S 1.8 0.20
P 1.9 0.20
Where R is the Van der Waals radius for an atom, E is the Van der Waals well depth, r is the distance between the atoms. All interprotomer atomic pairs 7 Å or less apart are considered for energy calculation. The Van der Waals interaction accounts for hydrophobic interactions and also for shorts contacts (Ramachandran & Sasisekaran, 1968 and Novotny et al., 1997).
Electrostatic interactions
The energy of electrostatic interaction energies are calculated according to the Coulomb's law. All interprotomer charged atomic pairs 18 Å or less apart have been considered for energy calculation.
E = (4.184*332*q1*q2)/(D*r) kJ/mol
Amino Acid Atomic Charge Atomic
ASP OD1=-0.76 OD2=-0.76
GLU OE1=-0.76 OE2=-0.76
ARG NH1=0.80 NH1=0.80
LYS NZ=0.30
HIS ND1=0.38 NE2=0.57
Where q1 and q2 are the partial atomic charges, r is the distance between the atoms and D is the dielectric constant of the medium, distance dependent diletric (DDD, where D=2r) is been used for the energy calculation. The values for the different parameters are as in CHARMM (Brooks et al., 1983 & Brooks et al., 2009).
Short contacts
Considered all non-bonded interprotomer atomic pairs.
D = r - (R - 0.40)
where R is the sum of the Van der Waals radii of the two atoms and r is the distance between the atoms.If D < 0, the atomic interaction is marked as a short contact as described in Ramachandran et al., 1963 and Lomize et al., 2002.
Hydrophobic interactions
All interprotomer interactions between hydrophobic amino acids (ALA, LEU, ILE, VAL, TRY, TYR, PHE) with CB-CB distance equal to or less than 7 Å have been considered and reported.
Salt Bridges and charge interactions
All interprotomer charged amino acid residue pairs with charged atomic pair distance equal to or less than 18Å have been considered. Both types of interactions, favourable (opposite charges) as well as unfavorable (similar) electrostatic interactions, within this distance limit, are reported. A salt bridge is formed if the side-chain nitrogen and oxygen atoms of two oppositely charged residues are within a 4Å distance.


Brooks, B.R., Bruccoleri, R.E., Olafson, B.D., States, D.J., Swaminathan, S. and Karplus, M. (1983) CHARMM: A Program for Macromolecular Energy, Minimization, and Dynamics Calculations, J. Comp. Chem. 4, 187-217.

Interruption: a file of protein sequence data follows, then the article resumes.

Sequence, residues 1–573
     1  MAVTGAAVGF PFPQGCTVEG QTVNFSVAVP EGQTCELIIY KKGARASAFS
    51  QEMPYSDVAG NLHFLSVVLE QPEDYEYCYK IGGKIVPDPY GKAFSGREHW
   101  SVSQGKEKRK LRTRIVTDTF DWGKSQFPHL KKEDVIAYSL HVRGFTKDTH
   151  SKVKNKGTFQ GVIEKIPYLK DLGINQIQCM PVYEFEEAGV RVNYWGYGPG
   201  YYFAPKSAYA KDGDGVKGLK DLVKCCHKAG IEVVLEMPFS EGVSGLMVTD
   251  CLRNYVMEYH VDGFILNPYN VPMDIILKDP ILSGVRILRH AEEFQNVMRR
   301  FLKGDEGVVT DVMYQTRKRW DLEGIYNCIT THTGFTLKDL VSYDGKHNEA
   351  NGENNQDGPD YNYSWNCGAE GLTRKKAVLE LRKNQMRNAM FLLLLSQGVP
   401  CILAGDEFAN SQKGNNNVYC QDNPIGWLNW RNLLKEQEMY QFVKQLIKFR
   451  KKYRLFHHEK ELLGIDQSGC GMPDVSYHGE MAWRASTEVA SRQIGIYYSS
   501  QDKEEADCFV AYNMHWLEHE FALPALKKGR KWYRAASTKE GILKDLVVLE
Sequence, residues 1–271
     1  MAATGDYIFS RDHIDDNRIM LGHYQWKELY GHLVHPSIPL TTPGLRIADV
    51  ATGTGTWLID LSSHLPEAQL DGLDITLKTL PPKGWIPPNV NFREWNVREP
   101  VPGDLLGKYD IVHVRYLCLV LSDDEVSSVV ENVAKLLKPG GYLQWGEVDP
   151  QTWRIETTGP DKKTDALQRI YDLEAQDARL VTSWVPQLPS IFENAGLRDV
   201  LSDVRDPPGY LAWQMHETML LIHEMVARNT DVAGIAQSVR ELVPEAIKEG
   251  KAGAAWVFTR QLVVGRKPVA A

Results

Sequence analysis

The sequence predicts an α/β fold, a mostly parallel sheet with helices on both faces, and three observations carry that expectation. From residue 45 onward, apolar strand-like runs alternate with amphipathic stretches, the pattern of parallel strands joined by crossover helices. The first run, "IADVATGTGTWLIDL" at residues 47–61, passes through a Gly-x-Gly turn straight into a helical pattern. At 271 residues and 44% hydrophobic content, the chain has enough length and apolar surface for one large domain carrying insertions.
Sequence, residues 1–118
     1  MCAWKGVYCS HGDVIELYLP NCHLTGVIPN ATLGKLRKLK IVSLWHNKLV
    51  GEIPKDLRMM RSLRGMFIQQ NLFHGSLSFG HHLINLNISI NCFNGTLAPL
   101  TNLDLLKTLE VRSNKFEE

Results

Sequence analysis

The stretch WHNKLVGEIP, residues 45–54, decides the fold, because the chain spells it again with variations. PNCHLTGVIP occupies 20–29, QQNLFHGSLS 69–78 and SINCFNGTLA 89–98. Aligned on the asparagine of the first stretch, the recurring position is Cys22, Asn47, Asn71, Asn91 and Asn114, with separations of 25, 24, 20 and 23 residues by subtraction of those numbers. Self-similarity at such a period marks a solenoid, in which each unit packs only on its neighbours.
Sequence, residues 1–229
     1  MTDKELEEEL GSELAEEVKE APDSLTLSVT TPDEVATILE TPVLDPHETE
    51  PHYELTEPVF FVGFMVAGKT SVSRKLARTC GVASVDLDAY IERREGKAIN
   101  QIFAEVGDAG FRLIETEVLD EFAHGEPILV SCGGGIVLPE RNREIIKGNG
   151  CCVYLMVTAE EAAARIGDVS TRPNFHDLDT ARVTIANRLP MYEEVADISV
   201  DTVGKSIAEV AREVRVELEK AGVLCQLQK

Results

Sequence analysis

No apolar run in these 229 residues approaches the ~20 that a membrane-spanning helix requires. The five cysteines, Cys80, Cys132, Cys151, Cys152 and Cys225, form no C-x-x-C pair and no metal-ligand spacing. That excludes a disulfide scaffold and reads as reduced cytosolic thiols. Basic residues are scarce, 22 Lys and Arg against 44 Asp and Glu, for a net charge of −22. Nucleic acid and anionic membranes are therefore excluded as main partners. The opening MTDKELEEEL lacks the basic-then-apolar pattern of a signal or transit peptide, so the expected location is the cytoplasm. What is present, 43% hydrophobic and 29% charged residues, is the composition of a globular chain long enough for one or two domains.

M. Nardelli (1982) A calculation program for calculating hydrogen atom coordinates. Computers and Chemistry. 6,3,139-152.

Kabsch, W. and Sander, C. (1983) Dictionary of protein secondary structure: pattern recognition of hydrogen-bonded and geometrical features. Biopolymers. 22, 2577-637.

Lomize, A.L., Reibarkh, M.Y. and Pogozheva, I.D. (2002) Interatomic potentials and solvation parameters from protein engineering data for buried residues. Protein Sci., 11, 19842000.

K. Mizuguchi, C.M. Deane, T.L. Blundell, M.S. Johnson and J.P. Overington. (1998) JOY: protein sequence-structure representation and analysis. Bioinformatics 14, 617-623.

Novotny,J., Bruccoleri,R.E., Davis,M. and Sharp,K.A. ( (1997) ) Empirical free energy calculations: a blind test and further improvements to the method. J. Mol. Biol., 268, 401411.

Ramchandran, G.N., Ramakrishnan, C. and Sasisekharan, V. (1963) Stereochemistry of polypeptide chain configurations. J Mol Biol. 7, 95-9.
Ramachandran, G.N. and Sasisekharan, V. (1968). Conformation of polypeptides and proteins. Adv Protein Chem. 23, 283-438.
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Darrin M York, Thomas A Darden and L G Pedersen. (1993) The effect of long-range electrostatic interactions in simulations of macromolecular crystals - a Comparison of the Ewald and truncated list methods. Journal of Chemical Physic. 99, 8345-8348.

Eyal Neria, Stefan Fischer and Martin Karplus. (1996) Simulation of activation free energies in molecular systems. J. Chem. Phys. 105, 1902-1921.

Sagui C and Darden TA. (1999) Molecular dynamics simulations of biomolecules: long-range electrostatic effects. Annu Rev Biophys Biomol Struct. 28, 155-79.

Annick Thomas, Alain Milon and Robert Brasseur. (2004) Partial atomic charges of amino acids in proteins. Proteins: Structure, Function, and Bioinformatics. 56, 102-109.

Citing Coilcheck+ & Coilcheck+ Credits

In citing Coilcheck server please refer to
—Alva V, Syamala Devi DP, Sowdhamini R.
COILCHECK: an interactive server for the analysis of interface regions in coiled coils.
Protein Pept Lett. 2008;15(1):33-8. PMID: 18221010

In citing Coilcheck+ server (an updated version of Coilcheck) please refer to
—Margaret S Sunitha, Anu G Nair, Amol Charya, Kamalakar Jadhav, Sami Mukhopadhyay and Ramanathan Sowdhamini
Structural attributes for the recognition of weak and anomalous regions in coiled-coils of myosins and other motor proteins.
BMC Research Notes 2012;5(1):530.

— This study was supported by grants from the Human Frontier Science Program (HFSP).
— We would like to thank AnuNair for his technical assistance.